Rebuttal Point No. 1: None of the Witnesses Went Away with Any Doubt they had seen the Resurrected Jesus
Although some of the witnesses assumed Jesus was still dead and initially mistook Jesus for someone else, none of the witnesses went away from the encounter they had with Jesus with any doubt they had seen the resurrected Jesus. Their doubts were initial and fleeting. By the time their encounter with Jesus was over, each of them were totally convinced they had encountered the same Jesus they knew before the crucifixion. [See, Norman Geisler, Baker Encyclopedia of Christian Apologetics, pg. 646 (1999)] For example, Mary Magdalene fell down and worshiped Jesus (John 20:14-18) and Cleopas and the other disciple on the road to Emmaus walked all the way back to Jerusalem to tell Jesus’ disciples they had seen Jesus and he had risen from the dead as Peter had said (Luke 20:33-35).
Rebuttal Point No. 2: The Witnesses had Shared an Intimate Relationship with Jesus and Were Not likely Candidates for Mistaking Someone Else for Jesus
All of the remaining 11 original disciples of Jesus reported seeing the resurrected Jesus. Some reported seeing him on multiple occasions. These 11 men had spent three years with Jesus and knew him on an intimate basis. The apostle John shared such a close relationship with Jesus that when Jesus was on the cross he saw his mother and John (presumed to be disciple that is referred to as the disciple whom Jesus loved) and Jesus said to his mother, “Woman, here is your son” and to the disciple he said, “Here is your mother” (see, John 19:25-27). Even though it may be reasonable to assert these men could have mistaken someone else for Jesus if they had only seen him from a distance, they certainly would have realized their mistake when they came into close contact with him, e.g., after they saw him in the upper room (Mark 16:14-18; Luke 24:36-49; John 20:26-28) and after eating breakfast with him on the shore of the Sea of Galilee (John 21:1-14). Thomas aka Didymus initially doubted Jesus had risen from the dead and absolutely refused to believe it until he touched the holes in Jesus” hands and side. When Jesus showed him the wounds and told Thomas to touch them, Thomas’ response was not, “Ah ha, you are an imposter!” Rather, he responded: “My Lord and my God!” (John 20:24-28). Overall, it would be quite unusual for all remaining 11 original disciples (each of whom shared a close and extended relationship with Jesus) to mistake someone else for Jesus, especially considering the fact these men had repeated encounters with the risen Jesus, saw him up close, touched him and talked to him for extended periods. [See, John Ankerberg & John Weldon, Ready with an Answer, pg. 113 (1997)]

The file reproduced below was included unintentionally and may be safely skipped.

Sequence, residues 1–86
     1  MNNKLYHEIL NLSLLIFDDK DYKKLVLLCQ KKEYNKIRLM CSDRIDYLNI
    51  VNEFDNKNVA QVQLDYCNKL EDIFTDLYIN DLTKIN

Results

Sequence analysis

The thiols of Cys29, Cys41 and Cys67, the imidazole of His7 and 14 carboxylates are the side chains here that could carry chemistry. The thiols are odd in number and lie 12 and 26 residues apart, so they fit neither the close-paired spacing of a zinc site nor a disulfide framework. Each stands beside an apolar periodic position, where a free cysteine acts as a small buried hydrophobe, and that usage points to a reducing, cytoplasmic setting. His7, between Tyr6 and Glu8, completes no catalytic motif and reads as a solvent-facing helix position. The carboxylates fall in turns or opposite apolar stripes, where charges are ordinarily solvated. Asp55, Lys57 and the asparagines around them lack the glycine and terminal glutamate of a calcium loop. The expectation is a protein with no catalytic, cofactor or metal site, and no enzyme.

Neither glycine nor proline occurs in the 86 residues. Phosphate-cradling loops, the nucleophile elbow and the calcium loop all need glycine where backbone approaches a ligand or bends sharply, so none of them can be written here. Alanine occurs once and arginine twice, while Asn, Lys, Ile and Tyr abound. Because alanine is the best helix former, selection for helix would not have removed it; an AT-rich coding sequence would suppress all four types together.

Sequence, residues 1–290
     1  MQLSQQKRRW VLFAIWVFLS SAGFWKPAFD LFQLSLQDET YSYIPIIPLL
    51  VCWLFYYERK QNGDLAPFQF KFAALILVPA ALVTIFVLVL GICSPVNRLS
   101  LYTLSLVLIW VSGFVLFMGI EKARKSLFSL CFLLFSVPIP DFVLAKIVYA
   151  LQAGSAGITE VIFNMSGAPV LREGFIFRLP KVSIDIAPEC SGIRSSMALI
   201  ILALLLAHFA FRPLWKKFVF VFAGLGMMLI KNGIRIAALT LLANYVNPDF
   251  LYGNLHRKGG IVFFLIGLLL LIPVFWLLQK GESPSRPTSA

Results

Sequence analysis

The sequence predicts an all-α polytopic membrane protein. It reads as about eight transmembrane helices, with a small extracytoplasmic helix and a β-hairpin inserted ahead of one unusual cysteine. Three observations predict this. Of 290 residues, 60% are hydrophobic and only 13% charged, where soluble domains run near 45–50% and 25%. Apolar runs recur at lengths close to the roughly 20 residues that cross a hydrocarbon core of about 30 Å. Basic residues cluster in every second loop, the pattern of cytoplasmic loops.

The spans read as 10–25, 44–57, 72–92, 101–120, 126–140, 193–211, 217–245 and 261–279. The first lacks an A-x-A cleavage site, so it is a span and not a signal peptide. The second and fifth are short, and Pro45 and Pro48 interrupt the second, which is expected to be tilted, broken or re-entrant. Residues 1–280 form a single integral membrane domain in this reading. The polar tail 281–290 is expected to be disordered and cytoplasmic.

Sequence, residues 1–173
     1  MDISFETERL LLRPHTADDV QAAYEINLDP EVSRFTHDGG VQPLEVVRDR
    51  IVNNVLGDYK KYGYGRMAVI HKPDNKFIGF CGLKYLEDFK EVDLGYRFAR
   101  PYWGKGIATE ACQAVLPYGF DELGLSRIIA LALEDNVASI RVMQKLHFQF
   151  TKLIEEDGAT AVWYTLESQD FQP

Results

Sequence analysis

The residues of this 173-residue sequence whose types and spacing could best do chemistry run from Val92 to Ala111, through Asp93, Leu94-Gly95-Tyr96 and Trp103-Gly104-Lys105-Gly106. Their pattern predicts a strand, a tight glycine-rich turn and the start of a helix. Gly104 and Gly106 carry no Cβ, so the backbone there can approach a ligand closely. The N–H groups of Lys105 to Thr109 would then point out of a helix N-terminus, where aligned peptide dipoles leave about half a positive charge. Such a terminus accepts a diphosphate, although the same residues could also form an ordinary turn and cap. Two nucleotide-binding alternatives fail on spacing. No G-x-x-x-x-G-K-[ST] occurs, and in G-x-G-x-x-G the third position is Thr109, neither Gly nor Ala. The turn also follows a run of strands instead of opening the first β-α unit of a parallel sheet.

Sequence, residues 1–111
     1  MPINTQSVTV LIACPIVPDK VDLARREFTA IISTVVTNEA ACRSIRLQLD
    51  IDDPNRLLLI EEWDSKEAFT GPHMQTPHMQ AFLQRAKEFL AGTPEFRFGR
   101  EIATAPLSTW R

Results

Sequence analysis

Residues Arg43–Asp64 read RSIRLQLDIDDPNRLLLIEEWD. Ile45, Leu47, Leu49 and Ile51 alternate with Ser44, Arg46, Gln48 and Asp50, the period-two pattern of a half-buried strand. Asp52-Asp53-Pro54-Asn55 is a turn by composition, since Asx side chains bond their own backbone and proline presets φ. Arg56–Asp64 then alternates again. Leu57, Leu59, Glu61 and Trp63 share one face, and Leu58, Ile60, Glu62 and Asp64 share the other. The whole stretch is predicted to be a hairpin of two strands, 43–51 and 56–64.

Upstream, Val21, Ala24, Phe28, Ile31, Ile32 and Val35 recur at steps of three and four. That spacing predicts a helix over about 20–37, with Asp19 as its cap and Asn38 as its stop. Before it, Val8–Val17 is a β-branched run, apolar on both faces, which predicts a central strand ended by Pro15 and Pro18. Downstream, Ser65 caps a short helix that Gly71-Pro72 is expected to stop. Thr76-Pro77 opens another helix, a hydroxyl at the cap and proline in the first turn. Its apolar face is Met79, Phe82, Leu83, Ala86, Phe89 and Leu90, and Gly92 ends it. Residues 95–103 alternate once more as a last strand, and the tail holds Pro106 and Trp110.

Rebuttal Point No. 3: If the Disciples Were Simply Mistaken, the Roman and Jewish Leaders Could Have Presented Jesus’ Dead Body to Correct the Mistake and Squelch the Threatening Rise of Christianity Which was Foundationally Based on the Resurrection